Exhibit reveals forgotten stories of orphans in Canada
Standing in the Light: Life Stories of British Home Children gives visitors a glimpse into the lives of orphans and paupers between 1869 and the late 1930s
The grandchildren of Home Child descendant Ron Baker, posing with their great-grandfather's steamer trunk which once carried his clothes and possessions from the UK to Canada.
An exhibit opening this August at the Aultsville Train Station near Upper Canada Village will give visitors a glimpse into the lives of the more than 100,000 child orphans and paupers brought to Canada from Great Britain to work as indentured servants on farms in Quebec, Ontario and other provinces between 1869 and the late 1930s.
Created by volunteers involved with the Ontario East British Home Child Family group, Standing in the Light: Life Stories of British Home Children features period artifacts, photographs and stories, as well as genealogy resources for those who want to research a Home Child connection in their family tree.
According to group spokesperson Judy Neville, it is a chapter of our country’s history that remains largely unknown. Although it’s estimated that more than one in ten Canadians is descended from a Home Child, many people aren't aware because many Home Children were reluctant to talk about their past. They had been made to feel ashamed of where they came from.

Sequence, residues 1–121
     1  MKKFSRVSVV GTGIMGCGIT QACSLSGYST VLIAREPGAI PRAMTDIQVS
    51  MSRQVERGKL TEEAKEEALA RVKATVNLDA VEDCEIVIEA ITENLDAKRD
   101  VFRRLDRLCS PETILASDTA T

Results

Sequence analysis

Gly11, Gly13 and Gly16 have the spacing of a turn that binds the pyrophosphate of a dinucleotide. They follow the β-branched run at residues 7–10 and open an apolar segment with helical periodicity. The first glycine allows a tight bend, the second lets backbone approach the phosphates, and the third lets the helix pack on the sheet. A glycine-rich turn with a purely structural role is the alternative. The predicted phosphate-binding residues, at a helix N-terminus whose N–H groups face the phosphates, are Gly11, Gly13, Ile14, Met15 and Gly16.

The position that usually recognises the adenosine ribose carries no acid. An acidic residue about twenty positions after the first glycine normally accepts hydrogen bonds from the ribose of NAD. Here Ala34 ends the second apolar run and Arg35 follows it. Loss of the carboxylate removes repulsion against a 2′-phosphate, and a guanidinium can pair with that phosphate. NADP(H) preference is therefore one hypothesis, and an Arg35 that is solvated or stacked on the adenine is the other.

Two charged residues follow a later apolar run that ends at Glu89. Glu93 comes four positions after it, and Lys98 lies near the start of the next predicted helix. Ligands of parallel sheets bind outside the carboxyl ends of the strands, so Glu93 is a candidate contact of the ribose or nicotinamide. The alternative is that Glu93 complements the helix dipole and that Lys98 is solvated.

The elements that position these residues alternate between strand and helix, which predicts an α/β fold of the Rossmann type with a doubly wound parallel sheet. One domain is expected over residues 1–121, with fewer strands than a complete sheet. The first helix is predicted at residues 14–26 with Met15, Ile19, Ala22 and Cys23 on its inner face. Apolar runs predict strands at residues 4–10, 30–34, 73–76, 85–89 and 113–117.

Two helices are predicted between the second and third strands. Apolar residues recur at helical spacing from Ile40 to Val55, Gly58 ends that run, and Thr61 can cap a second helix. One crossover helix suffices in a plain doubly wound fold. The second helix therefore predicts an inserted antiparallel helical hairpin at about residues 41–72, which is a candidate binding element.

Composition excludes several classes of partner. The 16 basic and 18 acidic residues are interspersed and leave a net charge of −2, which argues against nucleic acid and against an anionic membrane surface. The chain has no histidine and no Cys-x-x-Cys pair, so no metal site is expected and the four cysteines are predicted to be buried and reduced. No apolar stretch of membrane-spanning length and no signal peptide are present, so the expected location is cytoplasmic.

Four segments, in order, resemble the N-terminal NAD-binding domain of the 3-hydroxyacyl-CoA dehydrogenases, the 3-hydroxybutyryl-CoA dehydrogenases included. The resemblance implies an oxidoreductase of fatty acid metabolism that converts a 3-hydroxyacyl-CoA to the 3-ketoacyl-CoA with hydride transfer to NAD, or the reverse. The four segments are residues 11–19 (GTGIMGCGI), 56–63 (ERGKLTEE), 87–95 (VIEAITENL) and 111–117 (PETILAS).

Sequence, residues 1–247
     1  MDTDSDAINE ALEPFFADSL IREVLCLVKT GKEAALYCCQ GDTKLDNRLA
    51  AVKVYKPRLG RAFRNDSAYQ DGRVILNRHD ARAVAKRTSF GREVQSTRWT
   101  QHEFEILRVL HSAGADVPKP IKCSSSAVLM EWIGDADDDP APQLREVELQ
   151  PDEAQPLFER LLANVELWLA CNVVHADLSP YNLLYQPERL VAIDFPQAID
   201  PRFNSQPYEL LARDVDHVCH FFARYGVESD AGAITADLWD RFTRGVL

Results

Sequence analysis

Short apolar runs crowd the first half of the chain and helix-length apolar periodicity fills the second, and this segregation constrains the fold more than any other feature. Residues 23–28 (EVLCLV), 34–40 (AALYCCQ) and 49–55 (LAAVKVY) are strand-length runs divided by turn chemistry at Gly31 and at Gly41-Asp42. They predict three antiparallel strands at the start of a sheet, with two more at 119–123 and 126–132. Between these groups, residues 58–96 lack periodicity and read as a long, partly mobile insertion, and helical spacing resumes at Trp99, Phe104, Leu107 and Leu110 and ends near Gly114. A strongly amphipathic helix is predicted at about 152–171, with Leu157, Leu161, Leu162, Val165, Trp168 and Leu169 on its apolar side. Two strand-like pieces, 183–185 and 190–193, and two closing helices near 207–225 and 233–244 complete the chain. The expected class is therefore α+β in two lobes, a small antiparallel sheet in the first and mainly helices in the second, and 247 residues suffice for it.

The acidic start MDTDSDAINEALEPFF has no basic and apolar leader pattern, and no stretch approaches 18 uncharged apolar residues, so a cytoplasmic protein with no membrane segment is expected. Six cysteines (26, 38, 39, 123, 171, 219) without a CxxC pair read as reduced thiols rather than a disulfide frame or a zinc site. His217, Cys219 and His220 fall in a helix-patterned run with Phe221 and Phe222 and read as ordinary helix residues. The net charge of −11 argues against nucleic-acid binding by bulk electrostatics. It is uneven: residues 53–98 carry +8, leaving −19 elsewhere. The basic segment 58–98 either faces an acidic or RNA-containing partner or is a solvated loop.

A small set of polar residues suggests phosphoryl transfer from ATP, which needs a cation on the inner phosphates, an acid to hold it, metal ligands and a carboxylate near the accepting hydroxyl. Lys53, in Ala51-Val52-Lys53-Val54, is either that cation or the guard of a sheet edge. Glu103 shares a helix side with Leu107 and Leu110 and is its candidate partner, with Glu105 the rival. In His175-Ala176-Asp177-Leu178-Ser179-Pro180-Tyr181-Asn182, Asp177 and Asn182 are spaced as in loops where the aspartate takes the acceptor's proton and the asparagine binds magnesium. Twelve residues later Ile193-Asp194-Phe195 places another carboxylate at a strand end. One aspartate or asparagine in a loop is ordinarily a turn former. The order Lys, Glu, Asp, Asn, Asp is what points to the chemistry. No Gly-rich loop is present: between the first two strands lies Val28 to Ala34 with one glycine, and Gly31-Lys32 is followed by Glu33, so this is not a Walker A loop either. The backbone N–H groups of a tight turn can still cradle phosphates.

“The people in the community, even educated politicians and doctors and judges, called these children horrible names, saying that they were guttersnipes, gutter trash, lowlifes,” Neville said. “If they got to go to school they were taunted by their peers.”
While some Home Children were orphans, others still had a living parent who was too poor to take care of them. The adults responsible for sending these children away to Canada often believed they were giving the children a chance at a better life, but Neville said for the most part, no one considered the emotional trauma the children would experience. “These little children suffered on their own,” said Neville.
Most of the children in the Home Child immigration program were between the ages of two and 14, but even the youngest were not brought to Canada to be adopted into a family. Those who were too young to work in the fields or to help with domestic chores were put into training homes to learn these skills, and sent out to be labourers around the age of 10 or 11. While some children were fairly treated by the families they lived with, there were also many cases of abuse.
“Some children never got to live inside a house again,” said Neville. “In one case, the child had to sleep out in the barn. He would bring the vegetables, milk and eggs to the door of the house. He could see the family in the window having their meal and when they were finished they would bring out two dishes of scraps: one for the dog and one for the boy.”
Standing in the Light: Life Stories of British Home Children is on display from 11 a.m. to 4 p.m. on Saturdays and Sundays from Aug. 19 and Sept. 17 at the Aultsville Train Station on British Home Child's Lane, located west of the main Upper Canada Village site at. 13740 County Rd 2, Morrisburg, Ontario, about two hours south of Montreal.
Admission to the exhibit and parking are free, however entrance fees apply to visit Upper Canada Village.
More information is available at uppercanadavillage.com/events/british-home-child-exhibit-and-information.